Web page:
Submitted to: Journal of Animal Science
Publication Type: Peer Reviewed Journal
Publication Acceptance Date: 6/3/2002
Publication Date: 12/1/2002
Citation: ESTELL, R.E., FREDRICKSON, E.L., ANDERSON, D.M., HAVSTAD, K.M., REMMENGA, M.D. EFFECTS OF FOUR MONO- AND SESQUITERPENES ON CONSUMPTION OF ALFALFA PELLETS BY SHEEP. JOURNAL OF ANIMAL SCIENCE. 2002. V. 80(12). P. 3301-3306. Interpretive Summary: The encroachment of shrubs into arid grasslands is a serious problem. These shrubs often contain chemicals causing them to be unpalatable for livestock and wildlife. We are studying the role of plant chemicals in regulating shrub consumption by livestock. Our early work showed livestock preference for tarbush varied greatly from plant to plant and chemicals on the leaf surface were partly responsible for the variability. Volatile chemicals that were related to tarbush consumption in previous studies were applied to alfalfa pellets and fed to lambs to determine if these terpenes controlled intake when applied individually. Two of the four compounds tested (camphene and caryophyllene oxide) reduced intake while myrcene and Beta-pinene did not affect intake. Camphene and caryophyllene oxide may be involved in the avoidance of shrubs by livestock. This information may ultimately help us find ways to alter the amount of a particular plant species eaten by livestock.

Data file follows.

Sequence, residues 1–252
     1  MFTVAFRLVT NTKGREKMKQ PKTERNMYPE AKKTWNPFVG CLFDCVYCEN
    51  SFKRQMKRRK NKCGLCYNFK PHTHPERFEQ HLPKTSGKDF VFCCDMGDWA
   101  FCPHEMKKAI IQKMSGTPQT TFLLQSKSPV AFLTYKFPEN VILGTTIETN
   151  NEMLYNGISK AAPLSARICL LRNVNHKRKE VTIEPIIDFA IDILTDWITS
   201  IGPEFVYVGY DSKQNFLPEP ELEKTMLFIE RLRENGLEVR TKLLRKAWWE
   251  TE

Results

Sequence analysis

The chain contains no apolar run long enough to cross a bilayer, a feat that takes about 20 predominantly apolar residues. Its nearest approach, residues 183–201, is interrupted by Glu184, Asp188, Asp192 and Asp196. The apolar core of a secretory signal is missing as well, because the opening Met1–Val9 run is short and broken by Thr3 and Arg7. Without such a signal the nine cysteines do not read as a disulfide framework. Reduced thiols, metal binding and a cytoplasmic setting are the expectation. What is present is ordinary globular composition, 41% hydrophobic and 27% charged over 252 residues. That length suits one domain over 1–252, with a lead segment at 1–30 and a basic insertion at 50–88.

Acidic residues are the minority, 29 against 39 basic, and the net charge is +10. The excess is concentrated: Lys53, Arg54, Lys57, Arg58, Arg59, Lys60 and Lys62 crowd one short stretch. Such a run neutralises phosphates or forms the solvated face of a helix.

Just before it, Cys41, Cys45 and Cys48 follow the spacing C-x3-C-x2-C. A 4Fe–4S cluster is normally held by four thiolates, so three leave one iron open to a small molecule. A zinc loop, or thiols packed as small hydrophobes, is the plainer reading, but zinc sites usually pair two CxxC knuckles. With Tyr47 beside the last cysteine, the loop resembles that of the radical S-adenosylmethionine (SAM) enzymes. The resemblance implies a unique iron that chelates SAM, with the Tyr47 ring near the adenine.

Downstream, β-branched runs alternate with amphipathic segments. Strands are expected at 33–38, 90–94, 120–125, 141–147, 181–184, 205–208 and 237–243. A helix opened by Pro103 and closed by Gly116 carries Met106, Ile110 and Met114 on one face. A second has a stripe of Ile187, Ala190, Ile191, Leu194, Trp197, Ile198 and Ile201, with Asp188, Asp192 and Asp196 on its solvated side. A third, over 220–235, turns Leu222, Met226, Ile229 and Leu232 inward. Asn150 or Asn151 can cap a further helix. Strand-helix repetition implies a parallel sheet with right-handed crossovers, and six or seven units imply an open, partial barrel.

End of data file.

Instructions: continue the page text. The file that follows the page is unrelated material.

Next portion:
Technical Abstract: Effects of individual terpenes on alfalfa pellet intake by lambs were examined in four experiments. Forty-five lambs (9 lambs/treatment) were individually fed alfalfa pellets sprayed with either camphene, myrcene, caryophyllene oxide, or beta-pinene at one of five concentrations (one terpene per experiment). Treatments (0, .5, 1, 2, and 10X) were multiples of the concentration (X) of a specific terpene in tarbush. Terpenes were applied to alfalfa pellets (.64 kg.lamb-1.d-1, DM basis) and consumption wa measured during a 20-min interval for 5 d. Lambs were maintained and fed alfalfa pellets in one group (except during 20-min tests) at a mean total daily intake of 4.7% of BW (DM basis). Camphene and caryophyllene oxide tended to decrease intake (linear contrasts were P = .0651 and P = .0504, respectively), while myrcene and beta-pinene exerted no effect on consumption of alfalfa pellets by lambs during the 20-min interval. Camphene and caryophyllene oxide may be involved in the differential herbivory of individual tarbush plants by livestock.